2. In Matthew 10 Jesus says 'it will be more bearable for Sodom and Gomorrah than for the town (that does not receive the disciples)'. Does that mean that the physical destruction of Sodom and Gomorrah was not the ultimate end for its inhabitants? If so, it lends weight to the story being a future echo of the eventual actual story. At the very least, it connects with the notion of the story being about receiving those sent by God.

Wednesday, 10 August 2016

The Demons Submit Criteria

Time and time again when people report on their church they seem to revert to talking about the numbers in their Sunday service or similar. Sometimes it is literally as direct as the raw numbers, other times the report is more general ... but distilled down it is still the same basic thing, the size of the Sunday congregation.

Yet in Luke 10 when the extended group of disciples return from their assignment the criteria is this: "even the demons submit to us in your name" (verse 17). The talk is about how they have pushed the boundaries in mission, and seen tangible spiritual effect.

Jesus reminds them that their security is in Him rather than in any particular ministry or ministry result (v20), but nevertheless the successful attack on the enemy's domain is celebrated.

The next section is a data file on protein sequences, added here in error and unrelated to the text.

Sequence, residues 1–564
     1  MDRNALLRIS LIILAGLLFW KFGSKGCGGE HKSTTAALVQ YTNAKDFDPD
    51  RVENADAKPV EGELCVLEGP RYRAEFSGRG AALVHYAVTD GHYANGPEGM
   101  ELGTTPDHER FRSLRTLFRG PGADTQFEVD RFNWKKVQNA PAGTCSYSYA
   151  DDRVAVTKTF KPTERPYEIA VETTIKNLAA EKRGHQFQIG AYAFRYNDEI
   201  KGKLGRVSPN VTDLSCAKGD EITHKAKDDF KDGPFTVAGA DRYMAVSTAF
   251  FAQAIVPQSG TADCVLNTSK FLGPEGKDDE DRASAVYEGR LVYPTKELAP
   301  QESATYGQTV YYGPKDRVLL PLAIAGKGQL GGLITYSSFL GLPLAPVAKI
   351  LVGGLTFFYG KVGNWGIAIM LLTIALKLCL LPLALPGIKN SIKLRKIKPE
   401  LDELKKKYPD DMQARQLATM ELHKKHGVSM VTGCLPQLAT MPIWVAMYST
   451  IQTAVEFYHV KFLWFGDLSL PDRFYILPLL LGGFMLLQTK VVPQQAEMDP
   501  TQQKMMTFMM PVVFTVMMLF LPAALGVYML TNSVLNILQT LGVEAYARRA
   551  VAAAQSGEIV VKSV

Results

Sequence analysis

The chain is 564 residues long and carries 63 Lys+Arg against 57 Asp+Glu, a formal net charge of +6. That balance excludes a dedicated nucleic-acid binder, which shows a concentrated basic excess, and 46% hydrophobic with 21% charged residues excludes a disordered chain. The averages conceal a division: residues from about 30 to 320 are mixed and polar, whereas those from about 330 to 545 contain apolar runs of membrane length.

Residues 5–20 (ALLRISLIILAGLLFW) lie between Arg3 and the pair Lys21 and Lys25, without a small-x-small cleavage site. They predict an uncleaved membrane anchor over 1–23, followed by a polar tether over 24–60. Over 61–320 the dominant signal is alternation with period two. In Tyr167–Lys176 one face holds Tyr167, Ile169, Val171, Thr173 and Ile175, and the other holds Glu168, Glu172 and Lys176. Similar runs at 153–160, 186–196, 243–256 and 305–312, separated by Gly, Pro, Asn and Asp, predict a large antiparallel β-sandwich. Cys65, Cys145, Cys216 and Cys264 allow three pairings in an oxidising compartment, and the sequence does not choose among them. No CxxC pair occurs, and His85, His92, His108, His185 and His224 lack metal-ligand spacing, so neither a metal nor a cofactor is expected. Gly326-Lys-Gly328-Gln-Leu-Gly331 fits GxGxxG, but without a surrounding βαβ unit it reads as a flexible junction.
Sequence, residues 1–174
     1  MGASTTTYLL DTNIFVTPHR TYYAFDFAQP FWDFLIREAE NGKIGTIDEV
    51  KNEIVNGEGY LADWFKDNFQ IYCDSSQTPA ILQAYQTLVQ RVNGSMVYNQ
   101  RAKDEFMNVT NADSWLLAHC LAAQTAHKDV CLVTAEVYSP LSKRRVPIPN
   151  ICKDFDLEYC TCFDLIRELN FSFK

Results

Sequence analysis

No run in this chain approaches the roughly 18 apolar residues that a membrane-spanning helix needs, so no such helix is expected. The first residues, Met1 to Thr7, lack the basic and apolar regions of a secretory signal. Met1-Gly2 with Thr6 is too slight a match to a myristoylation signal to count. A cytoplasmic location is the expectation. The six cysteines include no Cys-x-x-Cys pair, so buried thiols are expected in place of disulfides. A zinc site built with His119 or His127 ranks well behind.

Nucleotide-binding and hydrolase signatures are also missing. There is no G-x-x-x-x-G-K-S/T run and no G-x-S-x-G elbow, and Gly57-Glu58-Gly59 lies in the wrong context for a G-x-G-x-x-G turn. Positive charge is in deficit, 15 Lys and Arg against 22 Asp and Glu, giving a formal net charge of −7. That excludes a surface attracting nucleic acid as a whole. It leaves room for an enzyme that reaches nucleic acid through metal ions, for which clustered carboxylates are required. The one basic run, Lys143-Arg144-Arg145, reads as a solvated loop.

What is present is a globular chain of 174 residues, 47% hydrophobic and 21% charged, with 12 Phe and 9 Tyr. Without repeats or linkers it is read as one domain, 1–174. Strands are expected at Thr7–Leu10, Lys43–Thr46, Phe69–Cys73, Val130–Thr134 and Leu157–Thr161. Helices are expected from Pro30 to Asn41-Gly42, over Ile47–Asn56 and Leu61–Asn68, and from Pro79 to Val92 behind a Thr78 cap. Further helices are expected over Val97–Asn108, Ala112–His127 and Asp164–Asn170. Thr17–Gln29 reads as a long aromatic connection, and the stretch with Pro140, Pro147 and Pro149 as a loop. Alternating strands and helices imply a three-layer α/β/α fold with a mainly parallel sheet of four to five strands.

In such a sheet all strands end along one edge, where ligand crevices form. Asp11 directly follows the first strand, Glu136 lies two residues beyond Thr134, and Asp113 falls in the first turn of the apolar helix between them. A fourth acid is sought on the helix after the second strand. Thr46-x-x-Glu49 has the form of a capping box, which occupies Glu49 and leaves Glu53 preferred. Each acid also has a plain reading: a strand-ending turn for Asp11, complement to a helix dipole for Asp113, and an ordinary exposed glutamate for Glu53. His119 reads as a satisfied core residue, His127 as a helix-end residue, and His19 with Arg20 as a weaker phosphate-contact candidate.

So why do we not use this kind of 'even the demons submit' criteria? Why are our reports not descriptions of mission boundaries explored, pushed out and why are the effects on the enemy not rehearsed?

When John the Baptist's messengers came to quiz Jesus, his reply was not "I'm chuffed, because I've got 12 regulars at my Bible study". No, it was 'see & hear: the blind receive their sight, the lame walk, those with leprosy are cleansed" (Luke 7:18 to 23)!

Put bluntly and directly: have we got the wrong criteria?

Thursday, 4 August 2016


Life has ups and downs. Things go well, and things go not so well. Sometimes everything just flows, other times its frustration upon frustration. Thats life.

Ministry is pretty much the same! Things go well, and things go not so well. Sometimes it all comes together, other times you wonder why you even started. Heck, sometimes you wonder why you even thought that starting might possibly be a good idea ...

If our joy in ministry is to be derived from all this, then we are in trouble. Yes there will be good times which will bring good mood and much joy. But of course there will be the bad ... so what happens to our mood then?